IEEE
[1]
J. Boone, T. J. Barstow, B. Celie, F. Prieur, and J. Bourgois, “The interrelationship between muscle oxygenation, muscle activation, and pulmonary oxygen uptake to incremental ramp exercise : influence of aerobic fitness,” APPLIED PHYSIOLOGY NUTRITION AND METABOLISM, vol. 41, no. 1, pp. 55–62, 2016.
@article{7088070,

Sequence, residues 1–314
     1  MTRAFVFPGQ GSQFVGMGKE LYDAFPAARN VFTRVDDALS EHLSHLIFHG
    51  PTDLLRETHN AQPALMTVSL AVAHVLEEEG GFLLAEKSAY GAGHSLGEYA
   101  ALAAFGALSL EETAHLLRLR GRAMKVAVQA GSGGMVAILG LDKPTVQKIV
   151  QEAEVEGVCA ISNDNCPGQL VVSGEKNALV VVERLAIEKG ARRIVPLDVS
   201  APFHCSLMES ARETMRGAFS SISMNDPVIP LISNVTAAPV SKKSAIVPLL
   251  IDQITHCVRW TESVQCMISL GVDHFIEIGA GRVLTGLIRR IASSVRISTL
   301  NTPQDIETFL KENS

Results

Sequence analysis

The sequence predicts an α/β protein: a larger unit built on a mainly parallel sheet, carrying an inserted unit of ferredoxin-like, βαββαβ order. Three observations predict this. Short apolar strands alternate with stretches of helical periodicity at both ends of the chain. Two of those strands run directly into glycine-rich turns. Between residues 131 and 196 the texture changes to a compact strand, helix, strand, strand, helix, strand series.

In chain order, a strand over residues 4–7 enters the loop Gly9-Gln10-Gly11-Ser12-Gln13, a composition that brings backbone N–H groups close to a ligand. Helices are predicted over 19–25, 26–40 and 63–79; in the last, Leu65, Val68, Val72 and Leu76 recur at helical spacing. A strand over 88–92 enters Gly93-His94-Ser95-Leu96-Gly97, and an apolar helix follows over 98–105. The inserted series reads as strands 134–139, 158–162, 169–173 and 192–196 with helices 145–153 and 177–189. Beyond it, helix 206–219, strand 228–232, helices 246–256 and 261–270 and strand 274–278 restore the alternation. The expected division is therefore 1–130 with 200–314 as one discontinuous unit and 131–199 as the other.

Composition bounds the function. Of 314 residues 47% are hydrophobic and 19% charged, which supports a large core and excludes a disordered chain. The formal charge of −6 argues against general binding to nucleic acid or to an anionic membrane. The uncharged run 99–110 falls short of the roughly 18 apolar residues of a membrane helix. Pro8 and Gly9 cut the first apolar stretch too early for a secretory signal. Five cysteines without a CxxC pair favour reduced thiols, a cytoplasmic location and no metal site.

abstract     = {We investigated whether muscle and ventilatory responses to incremental ramp exercise would be influenced by aerobic fitness status by means of a cross-sectional study with a large subject population. Sixty-four male students (age: 21.2 ± 3.2 years) with a heterogeneous peak oxygen uptake (51.9 ± 6.3 mL·min(-1)·kg(-1), range 39.7-66.2 mL·min(-1)·kg(-1)) performed an incremental ramp cycle test (20-35 W·min(-1)) to exhaustion. Breath-by-breath gas exchange was recorded, and muscle activation and oxygenation were measured with surface electromyography and near-infrared spectroscopy, respectively. The integrated electromyography (iEMG), mean power frequency (MPF), deoxygenated [hemoglobin and myoglobin] (deoxy[Hb+Mb]), and total[Hb+Mb] responses were set out as functions of work rate and fitted with a double linear function. The respiratory compensation point (RCP) was compared and correlated with the breakpoints (BPs) (as percentage of peak oxygen uptake) in muscle activation and oxygenation. The BP in total[Hb+Mb] (83.2% ± 3.0% peak oxygen uptake) preceded (P < 0.001) the BP in iEMG (86.7% ± 4.0% peak oxygen uptake) and MPF (86.3% ± 4.1% peak oxygen uptake), which in turn preceded (P < 0.01) the BP in deoxy[Hb+Mb] (88.2% ± 4.5% peak oxygen uptake) and RCP (87.4% ± 4.5% peak oxygen uptake). Furthermore, the peak oxygen uptake was significantly (P < 0.001) positively correlated to the BPs and RCP, indicating that the BPs in total[Hb+Mb] (r = 0.66; P < 0.001), deoxy[Hb+Mb] (r = 0.76; P < 0.001), iEMG (r = 0.61; P < 0.001), MPF (r = 0.63; P < 0.001), and RCP (r = 0.75; P < 0.001) occurred at a higher percentage of peak oxygen uptake in subjects with a higher peak oxygen uptake. In this study a close relationship between muscle oxygenation, activation, and pulmonary oxygen uptake was found, occurring in a cascade of events. In subjects with a higher aerobic fitness level this cascade occurred at a higher relative intensity.},